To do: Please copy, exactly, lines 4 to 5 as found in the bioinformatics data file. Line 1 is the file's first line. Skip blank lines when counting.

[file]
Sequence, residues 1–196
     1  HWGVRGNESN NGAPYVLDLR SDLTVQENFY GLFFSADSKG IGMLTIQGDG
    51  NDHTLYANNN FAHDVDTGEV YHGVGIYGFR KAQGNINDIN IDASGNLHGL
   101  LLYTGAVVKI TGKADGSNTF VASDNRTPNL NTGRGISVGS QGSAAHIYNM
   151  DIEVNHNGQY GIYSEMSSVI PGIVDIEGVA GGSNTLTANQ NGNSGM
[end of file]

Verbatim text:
   101  LLYTGAVVKI TGKADGSNTF VASDNRTPNL NTGRGISVGS QGSAAHIYNM
   151  DIEVNHNGQY GIYSEMSSVI PGIVDIEGVA GGSNTLTANQ NGNSGM